When Terrorists and Target Governments Cooperate: the Case of Syria

Michael Becker

Abstract


In the course of the Syrian Civil War, the Syrian government has had an unusual relationship with the numerous groups seeking to overthrow it; at times, the government of Bashar al-Assad has deliberately avoided engaging the more radical elements of the opposition, including the al-Nusra Front and the Islamic State, and has also purchased oil from them, effectively bankrolling some of ISIS’ operations. This case thus represents an unusual—but not totally unique—instance of indirect cooperation between a militant group and the government being targeted by it. Taking the Syrian case as a point of departure, the Research Note investigates the circumstances under which target governments and militant groups each benefit from having the other as a foil. The findings of the Syrian case indicate that such tacit cooperation is more likely in circumstances where opposition forces are ideologically fragmented, where intervention by external states is likely, and where governments are faced with existential threats.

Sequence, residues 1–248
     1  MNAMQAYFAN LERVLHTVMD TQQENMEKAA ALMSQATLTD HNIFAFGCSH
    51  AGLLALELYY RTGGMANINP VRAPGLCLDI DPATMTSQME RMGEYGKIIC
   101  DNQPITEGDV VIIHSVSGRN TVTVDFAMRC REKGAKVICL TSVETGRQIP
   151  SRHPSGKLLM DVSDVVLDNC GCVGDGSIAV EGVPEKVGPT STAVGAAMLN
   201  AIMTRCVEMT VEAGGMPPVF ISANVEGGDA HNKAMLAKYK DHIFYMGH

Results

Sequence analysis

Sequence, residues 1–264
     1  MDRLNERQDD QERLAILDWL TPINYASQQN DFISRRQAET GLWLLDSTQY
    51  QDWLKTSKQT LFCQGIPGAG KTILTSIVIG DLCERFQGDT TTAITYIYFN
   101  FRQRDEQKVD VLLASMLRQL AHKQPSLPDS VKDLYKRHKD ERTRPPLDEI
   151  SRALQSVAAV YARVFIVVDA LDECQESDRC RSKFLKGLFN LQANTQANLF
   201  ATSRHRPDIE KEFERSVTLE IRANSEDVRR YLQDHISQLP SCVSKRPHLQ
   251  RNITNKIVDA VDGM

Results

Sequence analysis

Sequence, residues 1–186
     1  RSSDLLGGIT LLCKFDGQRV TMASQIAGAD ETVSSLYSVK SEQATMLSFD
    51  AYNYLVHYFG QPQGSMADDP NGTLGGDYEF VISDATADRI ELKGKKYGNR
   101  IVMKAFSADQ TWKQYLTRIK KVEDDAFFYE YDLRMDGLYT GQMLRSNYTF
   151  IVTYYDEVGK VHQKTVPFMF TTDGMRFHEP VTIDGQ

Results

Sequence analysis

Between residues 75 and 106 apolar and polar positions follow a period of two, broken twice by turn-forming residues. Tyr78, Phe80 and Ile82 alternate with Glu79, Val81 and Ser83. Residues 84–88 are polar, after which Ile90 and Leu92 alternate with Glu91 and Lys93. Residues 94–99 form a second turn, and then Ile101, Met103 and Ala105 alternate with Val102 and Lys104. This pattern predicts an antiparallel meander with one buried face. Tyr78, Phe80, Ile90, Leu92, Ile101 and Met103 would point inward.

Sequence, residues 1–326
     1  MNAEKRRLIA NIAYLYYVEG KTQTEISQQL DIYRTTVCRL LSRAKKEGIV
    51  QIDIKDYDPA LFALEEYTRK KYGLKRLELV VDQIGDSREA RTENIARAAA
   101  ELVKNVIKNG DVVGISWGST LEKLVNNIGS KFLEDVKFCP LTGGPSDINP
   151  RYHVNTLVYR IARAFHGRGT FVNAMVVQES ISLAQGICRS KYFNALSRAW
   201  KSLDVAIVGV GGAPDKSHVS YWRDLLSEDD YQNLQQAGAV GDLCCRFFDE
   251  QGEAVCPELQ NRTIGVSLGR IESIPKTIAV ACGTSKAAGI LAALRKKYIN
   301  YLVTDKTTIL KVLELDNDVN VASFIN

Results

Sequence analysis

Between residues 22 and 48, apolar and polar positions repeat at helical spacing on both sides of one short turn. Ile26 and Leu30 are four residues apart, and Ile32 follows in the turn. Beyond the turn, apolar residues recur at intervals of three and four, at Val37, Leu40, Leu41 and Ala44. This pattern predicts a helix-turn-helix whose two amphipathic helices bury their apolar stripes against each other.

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ENHANCING SECURITY THROUGH COLLABORATIVE RESEARCH

Perspectives on Terrorism is  a journal of the Terrorism Research Initiative and the Center for Terrorism and Security Studies

ISSN  2334-3745 (Online)

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